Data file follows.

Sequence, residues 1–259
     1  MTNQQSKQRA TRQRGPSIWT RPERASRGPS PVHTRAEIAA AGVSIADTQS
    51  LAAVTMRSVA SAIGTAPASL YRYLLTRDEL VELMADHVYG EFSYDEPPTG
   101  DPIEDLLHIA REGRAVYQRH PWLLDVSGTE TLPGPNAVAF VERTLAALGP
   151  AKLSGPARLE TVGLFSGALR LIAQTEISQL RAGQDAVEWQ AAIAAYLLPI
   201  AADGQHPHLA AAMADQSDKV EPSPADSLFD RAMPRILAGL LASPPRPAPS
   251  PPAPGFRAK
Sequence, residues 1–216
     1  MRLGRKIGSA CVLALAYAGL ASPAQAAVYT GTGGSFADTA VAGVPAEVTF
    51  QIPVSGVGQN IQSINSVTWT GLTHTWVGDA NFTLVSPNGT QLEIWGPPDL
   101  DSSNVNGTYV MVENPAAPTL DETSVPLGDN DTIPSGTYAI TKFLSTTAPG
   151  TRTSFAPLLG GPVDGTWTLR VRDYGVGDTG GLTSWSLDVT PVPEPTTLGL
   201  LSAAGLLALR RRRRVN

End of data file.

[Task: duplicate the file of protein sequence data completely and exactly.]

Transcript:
Sequence, residues 1–259
     1  MTNQQSKQRA TRQRGPSIWT RPERASRGPS PVHTRAEIAA AGVSIADTQS
    51  LAAVTMRSVA SAIGTAPASL YRYLLTRDEL VELMADHVYG EFSYDEPPTG
   101  DPIEDLLHIA REGRAVYQRH PWLLDVSGTE TLPGPNAVAF VERTLAALGP
   151  AKLSGPARLE TVGLFSGALR LIAQTEISQL RAGQDAVEWQ AAIAAYLLPI
   201  AADGQHPHLA AAMADQSDKV EPSPADSLFD RAMPRILAGL LASPPRPAPS
   251  PPAPGFRAK
Sequence, residues 1–216
     1  MRLGRKIGSA CVLALAYAGL ASPAQAAVYT GTGGSFADTA VAGVPAEVTF
    51  QIPVSGVGQN IQSINSVTWT GLTHTWVGDA NFTLVSPNGT QLEIWGPPDL
   101  DSSNVNGTYV MVENPAAPTL DETSVPLGDN DTIPSGTYAI TKFLSTTAPG
   151  TRTSFAPLLG GPVDGTWTLR VRDYGVGDTG GLTSWSLDVT PVPEPTTLGL
   201  LSAAGLLALR RRRRVN